The Aberdeen study about how electroconvulsive therapy (ECT) might work that has been dominating cyberspace recently was apparently funded by the Chief Scientist Office of Scotland. I couldn’t find any signs of it on the Chief Scientist Office website but that may be because I couldn’t even find a search facility on the website. What I did find, however, is that in June 2010 the same Aberdeen team (or some of them) were awarded a grant of £125,785 for research entitled “The use of Ketamine as an anaesthetic during electroconvulsive therapy (ECT) for depression: does it improve treatment outcome?”.
Ketamine is attracting quite a lot of attention in ECT circles at the moment, either as an alternative to ECT or to be used together with ECT, in addition to or instead of the regular anaesthetic, in order to make ECT more effective or less damaging or both. Professor Ian Muir Anderson at the University of Manchester has been awarded a grant of £1,002,385 (that is what it says – over a million pounds) by the National Institute for Health Research and the Medical Research Council to investigate “Ketamine augmentation of electroconvulsive therapy to improve outcomes in depression”. The researchers are testing the hypotheses that:
“1) Ketamine will prevent ECT-induced cognitive impairment and speed up the clinical response to ECT; 2) Ketamine will act by a) attenuating ECT-induced impairment of frontal cortex reactivity, b) preventing ECT-induced disruption of fronto-hippocampal connectivity.”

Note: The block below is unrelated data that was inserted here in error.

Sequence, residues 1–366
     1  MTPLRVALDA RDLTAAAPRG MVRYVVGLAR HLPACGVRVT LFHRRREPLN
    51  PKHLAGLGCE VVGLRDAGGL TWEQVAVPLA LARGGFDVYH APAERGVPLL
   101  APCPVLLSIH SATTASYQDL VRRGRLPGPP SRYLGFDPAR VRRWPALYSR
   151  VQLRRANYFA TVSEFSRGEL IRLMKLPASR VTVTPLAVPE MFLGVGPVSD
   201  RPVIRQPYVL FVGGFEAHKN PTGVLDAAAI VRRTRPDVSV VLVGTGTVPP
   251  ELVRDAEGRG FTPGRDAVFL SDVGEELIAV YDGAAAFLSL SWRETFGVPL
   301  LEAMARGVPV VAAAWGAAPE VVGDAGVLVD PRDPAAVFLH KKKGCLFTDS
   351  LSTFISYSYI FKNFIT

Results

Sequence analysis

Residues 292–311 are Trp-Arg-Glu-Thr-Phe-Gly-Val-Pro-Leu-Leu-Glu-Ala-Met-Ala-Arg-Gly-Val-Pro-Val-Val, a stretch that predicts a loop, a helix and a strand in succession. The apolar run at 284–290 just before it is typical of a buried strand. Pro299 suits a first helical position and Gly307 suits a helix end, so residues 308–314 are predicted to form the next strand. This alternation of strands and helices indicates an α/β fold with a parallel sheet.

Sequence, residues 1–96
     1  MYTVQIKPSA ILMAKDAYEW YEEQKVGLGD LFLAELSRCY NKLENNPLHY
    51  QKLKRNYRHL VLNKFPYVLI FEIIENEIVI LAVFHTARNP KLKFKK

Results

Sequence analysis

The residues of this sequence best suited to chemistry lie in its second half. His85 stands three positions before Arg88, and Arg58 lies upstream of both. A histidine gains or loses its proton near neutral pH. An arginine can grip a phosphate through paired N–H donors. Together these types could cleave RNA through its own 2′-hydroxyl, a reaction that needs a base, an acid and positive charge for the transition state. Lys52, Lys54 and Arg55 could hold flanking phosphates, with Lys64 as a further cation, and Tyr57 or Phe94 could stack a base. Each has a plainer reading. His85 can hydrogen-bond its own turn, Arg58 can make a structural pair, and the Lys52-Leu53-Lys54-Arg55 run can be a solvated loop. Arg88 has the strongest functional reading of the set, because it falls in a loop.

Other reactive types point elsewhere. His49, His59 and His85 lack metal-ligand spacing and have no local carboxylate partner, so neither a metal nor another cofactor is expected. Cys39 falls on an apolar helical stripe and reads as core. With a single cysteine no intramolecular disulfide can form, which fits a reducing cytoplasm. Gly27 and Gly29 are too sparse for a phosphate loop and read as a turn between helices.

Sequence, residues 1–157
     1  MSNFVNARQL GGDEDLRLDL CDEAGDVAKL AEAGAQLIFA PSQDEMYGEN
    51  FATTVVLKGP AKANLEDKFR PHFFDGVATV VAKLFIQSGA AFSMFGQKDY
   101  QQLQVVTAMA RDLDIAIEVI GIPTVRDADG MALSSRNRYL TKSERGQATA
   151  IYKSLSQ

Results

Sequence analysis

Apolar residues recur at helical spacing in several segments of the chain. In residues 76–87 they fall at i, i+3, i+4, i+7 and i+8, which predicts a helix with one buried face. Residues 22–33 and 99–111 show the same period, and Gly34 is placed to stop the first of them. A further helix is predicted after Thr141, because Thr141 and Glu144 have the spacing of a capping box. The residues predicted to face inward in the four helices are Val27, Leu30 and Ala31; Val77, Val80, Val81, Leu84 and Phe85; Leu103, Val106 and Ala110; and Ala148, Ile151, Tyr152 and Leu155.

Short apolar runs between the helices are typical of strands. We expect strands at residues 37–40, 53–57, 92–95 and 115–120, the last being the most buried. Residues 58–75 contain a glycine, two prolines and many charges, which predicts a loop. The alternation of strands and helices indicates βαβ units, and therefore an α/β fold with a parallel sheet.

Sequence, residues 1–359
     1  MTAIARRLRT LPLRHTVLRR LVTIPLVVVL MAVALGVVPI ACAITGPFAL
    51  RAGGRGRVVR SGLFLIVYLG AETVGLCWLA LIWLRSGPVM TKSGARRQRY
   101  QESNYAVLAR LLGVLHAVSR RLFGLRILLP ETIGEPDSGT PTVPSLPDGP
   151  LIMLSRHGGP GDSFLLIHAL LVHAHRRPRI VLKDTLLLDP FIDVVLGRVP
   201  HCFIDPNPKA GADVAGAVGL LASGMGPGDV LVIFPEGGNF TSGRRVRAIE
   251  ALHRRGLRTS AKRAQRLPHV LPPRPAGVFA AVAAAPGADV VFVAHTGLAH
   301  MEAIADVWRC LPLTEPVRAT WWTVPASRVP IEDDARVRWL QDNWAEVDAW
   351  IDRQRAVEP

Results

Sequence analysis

The Aberdeen research, where a reduction of connectivity was considered good, was only looking at connectivity between cortical areas, so presumably doesn’t contradict the Manchester researchers’ hypothesis that a reduction of frontal-hippocampal connectivity is bad, not good, since the hippocampus isn’t a cortical structure. At least that is what I am guessing.
In Australia, Professor Colleen Loo at the University of New South Wales in Sydney has been investigating the possibility that ketamine can reduce ECT’s effects on memory. Recent research in Iran tried replacing, rather than augmenting, ECT with ketamine but found that people had significantly better Hamilton depression rating scale scores with ECT. Japanese psychiatrists tried ketamine as an anaesthetic for ECT a few years ago and found that, compared to propofol, in the short term it improved scores on the Hamilton depression rating scale. In the US some psychiatrists have started using ketamine in the treatment of depression and not just in clinical trials. Drs Messer and Haller at the SMDC Medical Center in Duluth, Minnesota, for example published an article “Maintenance ketamine treatment produces long-term recovery from depression” in which they described giving ketamine to a woman who had already had 273 mostly bilateral ECTs. This is what the authors said about ECT:
“In addition to no significant recovery from her depression, the long-term use of ECT caused problems with memory loss and focused attention. She was unable to remember much of her history over the previous 15 years. Re-learning the information became futile since each course of ECT would eliminate what had been gained.”
That sounds rather different than the usual talk about “mild and transient” memory loss.